After “Full Moon Fever” Petty seemed to have had the Midas Touch. Everything the guy did, with or without the Heartbreakers, turned to gold. That purple patch lasted him from “Full Moon Fever” through the whole Wilbury’s thing up to “Wildflowers.” Even the departure of founding drummer Stan Lynch during this time period seemed to make the Heartbreakers even stronger, which many times is not the case with a band member’s departure. Then came the superb and highly under-appreciated “Echo” album. For reasons unclear, the album didn’t reach the heights of Petty’s then recent successes. I will say, “Echo” had a bit of a melancholy fog hanging over it likely caused by Petty’s recent divorce. Petty did not react well to the lukewarm reception of “Echo” and recorded what seemed like a very angry follow-up, “The Last DJ.”

But after “The Last DJ,” the strangest thing happened. It’s as if Petty decided, “fuck it,” and started making music that made him happy and music that the Heartbreakers clearly enjoyed playing. He has a trio of great, late-career. kick-ass albums – “Highway Companion,” “Mojo,” and “Hypnotic Eye.” These are the types of albums that inspired me to start writing BourbonAndVinyl in the first place. All three are on the highly recommended list.

During this late period surge, in 2007, Petty agreed to doing a documentary on his and the Heartbreaker’s history, “Running Down a Dream,” and I must say it’s a must see for Petty fans. In the documentary, they dedicate a section to Mudcrutch, Petty’s first band out of Florida. Randy Marsh (drums) and Tom Leadon (guitar/vocal) were in the band with Mike Campbell of the Heartbreakers and Petty on bass guitar. Later, after Leadon left, Benmont Tench (keyboards) joined. The band recorded a few singles that were completely ignored before disbanding. Petty switched to guitar, kept Campbell and Tench, formed the Heartbreakers and the rest, as they say, is history. But something in the documentary must have inspired the whole “what might have been” thought process…usually that leads to calling an ex-girlfriend, but in this case, Petty pulled together Mudcrutch in 2008 and recorded the album “Mudcrutch.” It was a loose-limbed, “jammy” affair, but I really liked that record.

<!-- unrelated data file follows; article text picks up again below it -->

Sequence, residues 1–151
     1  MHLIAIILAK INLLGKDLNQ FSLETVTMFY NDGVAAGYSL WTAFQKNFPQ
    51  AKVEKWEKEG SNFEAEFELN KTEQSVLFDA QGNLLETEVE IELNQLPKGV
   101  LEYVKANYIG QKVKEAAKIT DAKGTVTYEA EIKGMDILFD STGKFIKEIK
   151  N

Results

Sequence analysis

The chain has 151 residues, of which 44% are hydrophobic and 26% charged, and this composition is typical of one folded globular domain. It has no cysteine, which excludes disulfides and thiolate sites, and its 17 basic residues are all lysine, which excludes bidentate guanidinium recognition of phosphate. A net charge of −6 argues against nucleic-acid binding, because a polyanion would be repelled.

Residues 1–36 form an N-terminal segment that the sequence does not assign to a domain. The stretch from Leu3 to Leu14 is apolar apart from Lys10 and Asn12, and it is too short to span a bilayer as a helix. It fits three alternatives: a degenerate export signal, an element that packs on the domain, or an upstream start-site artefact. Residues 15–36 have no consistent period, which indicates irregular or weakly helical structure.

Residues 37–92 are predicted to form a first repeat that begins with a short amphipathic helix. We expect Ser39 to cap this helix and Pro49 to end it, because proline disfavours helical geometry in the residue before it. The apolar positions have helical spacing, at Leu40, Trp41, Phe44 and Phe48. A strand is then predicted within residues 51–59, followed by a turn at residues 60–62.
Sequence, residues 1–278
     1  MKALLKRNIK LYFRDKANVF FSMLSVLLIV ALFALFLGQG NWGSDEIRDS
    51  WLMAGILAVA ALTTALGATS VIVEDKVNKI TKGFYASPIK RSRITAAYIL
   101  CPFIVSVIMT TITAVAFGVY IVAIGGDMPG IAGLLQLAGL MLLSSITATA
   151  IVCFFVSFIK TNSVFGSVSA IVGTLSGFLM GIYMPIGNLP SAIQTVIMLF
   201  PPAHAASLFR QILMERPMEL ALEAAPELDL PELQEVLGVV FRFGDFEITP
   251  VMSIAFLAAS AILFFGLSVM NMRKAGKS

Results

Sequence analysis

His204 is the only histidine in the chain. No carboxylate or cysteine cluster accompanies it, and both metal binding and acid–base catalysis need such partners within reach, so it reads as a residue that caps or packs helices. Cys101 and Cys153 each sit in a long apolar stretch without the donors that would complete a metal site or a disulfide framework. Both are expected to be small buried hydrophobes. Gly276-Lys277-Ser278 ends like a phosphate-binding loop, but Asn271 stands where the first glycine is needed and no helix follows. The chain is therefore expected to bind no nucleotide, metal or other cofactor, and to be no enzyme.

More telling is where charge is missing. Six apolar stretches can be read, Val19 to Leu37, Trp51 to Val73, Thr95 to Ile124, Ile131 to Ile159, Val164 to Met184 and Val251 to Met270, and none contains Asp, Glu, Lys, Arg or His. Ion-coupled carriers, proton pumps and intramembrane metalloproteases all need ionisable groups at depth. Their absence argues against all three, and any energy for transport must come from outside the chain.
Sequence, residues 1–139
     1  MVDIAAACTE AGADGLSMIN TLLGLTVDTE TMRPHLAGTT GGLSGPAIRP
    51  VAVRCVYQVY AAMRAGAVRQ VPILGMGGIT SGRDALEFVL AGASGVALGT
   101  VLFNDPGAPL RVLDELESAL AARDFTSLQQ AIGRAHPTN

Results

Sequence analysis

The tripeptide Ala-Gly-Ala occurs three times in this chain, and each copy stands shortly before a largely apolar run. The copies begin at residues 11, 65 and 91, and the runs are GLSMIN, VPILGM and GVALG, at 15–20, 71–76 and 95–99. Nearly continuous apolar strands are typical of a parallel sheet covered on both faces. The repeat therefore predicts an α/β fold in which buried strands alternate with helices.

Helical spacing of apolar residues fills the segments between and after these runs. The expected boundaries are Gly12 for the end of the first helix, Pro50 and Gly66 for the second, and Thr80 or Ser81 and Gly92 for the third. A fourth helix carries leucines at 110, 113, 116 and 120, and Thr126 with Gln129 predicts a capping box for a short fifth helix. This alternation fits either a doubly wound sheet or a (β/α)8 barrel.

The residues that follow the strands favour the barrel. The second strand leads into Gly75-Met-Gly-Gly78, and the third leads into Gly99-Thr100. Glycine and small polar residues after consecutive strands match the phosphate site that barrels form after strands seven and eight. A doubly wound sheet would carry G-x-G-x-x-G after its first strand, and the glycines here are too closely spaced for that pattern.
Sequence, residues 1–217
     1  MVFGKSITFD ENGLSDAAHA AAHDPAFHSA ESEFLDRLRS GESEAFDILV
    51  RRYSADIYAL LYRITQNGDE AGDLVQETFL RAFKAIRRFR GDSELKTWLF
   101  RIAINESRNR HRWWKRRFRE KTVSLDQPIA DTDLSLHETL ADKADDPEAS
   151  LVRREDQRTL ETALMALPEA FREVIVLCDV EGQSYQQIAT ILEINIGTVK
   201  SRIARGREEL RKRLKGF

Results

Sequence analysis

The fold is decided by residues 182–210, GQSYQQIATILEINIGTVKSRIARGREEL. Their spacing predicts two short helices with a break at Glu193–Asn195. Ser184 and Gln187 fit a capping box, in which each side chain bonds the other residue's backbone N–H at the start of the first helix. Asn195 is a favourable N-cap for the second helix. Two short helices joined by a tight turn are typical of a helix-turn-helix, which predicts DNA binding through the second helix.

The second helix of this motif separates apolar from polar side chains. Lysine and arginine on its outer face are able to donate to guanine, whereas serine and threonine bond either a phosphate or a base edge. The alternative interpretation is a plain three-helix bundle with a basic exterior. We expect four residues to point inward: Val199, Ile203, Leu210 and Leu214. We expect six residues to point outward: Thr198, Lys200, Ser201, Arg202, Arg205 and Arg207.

I had always assumed “Mudcrutch” was a one-off affair, but then late last year the rumors began that Petty was reassembling Mudcrutch to record another record. This past weekend saw the release of “2,” the band’s second record. Clearly with album names “Mudcrutch” and “2” it’s clear that Petty and the lads don’t put a lot of time or thought into their album titles. Having had some recent “title problems” of my own, I get it. Damn technology. The record starts off with an old outtake from Petty’s “Playback” box-set, “Trailer.” “Trailer” is one of those wistful, looking back tunes about a relationship that failed. At first, I was surprised he dug out that old tune for this album, but the sentiments in the tune sort of sum up the whole Mudcrutch enterprise. It’s a great version of the song.

Petty required everybody in the band to write a song. My favorite band contribution is “Beautiful World” by Randy Marsh. I think he sings it. I do wish, as I stated when the single came out, that Petty had sung it, but it’s still a kick ass rock song. It and “Dream of Flying” (which Petty sings) are the closest you’ll get to a Heartbreaker-y sound here. “Dream of Flying” is superb. I do think Petty is enjoying this different group of collaborators but that doesn’t mean the songs are all as upbeat as “Beautiful World”.

The centerpiece of the record for me remains “Hungry No More.” It’s a defiant song about resilience that makes Scarlett O’Hara’s vow to never be hungry again seem tame in comparison. Mike Campbell’s guitar is all over “Hungry No More” and his performance here is why he’s one of the greatest to ever strap on a guitar. “I Forgive It All” is a beautiful, spare ballad in the manner of “Highway Companion”s song “Square One.” It and “Beautiful Blue” are the best love songs here. “Beautiful Blue” simply shimmers. “Victim Of Circumstance”is Campbell’s writing effort here and it’s another exceptional tune.

The only tunes that left me cold are Leadon’s “The Other Side of the Mountain” mostly because there’s a banjo (not to sound like the Rock Chick, but I am “banjo-interolerant) and Ben Tench’s “Welcome to Hell.” I love Tench’s boogie woogie piano on the song, but the lyrics are like a joke that just misfires. But these are minor complaints, neither song is terrible. Mudcrutch’s first album, as I mentioned, was such a loose jam, it’s nice to hear these guys so focused. The songs are finely crafted, much tighter than the first record and well played.

“2” is a highly recommended purchase from BourbonAndVinyl. Play it loud and often… and the best part of this album is that for the first time Mudcrutch is playing concerts outside the state of California… which means I’ll be heading to Denver for Memorial Day Weekend with one of my best friends Stormin’ and Mudcrutch. If you get a chance to see these guys, run to the concert, don’t walk. I’ll post an update after I’ve seen the show!!

Again, my apologies for accidentally deleting the original review of this superb record and as always, Cheers!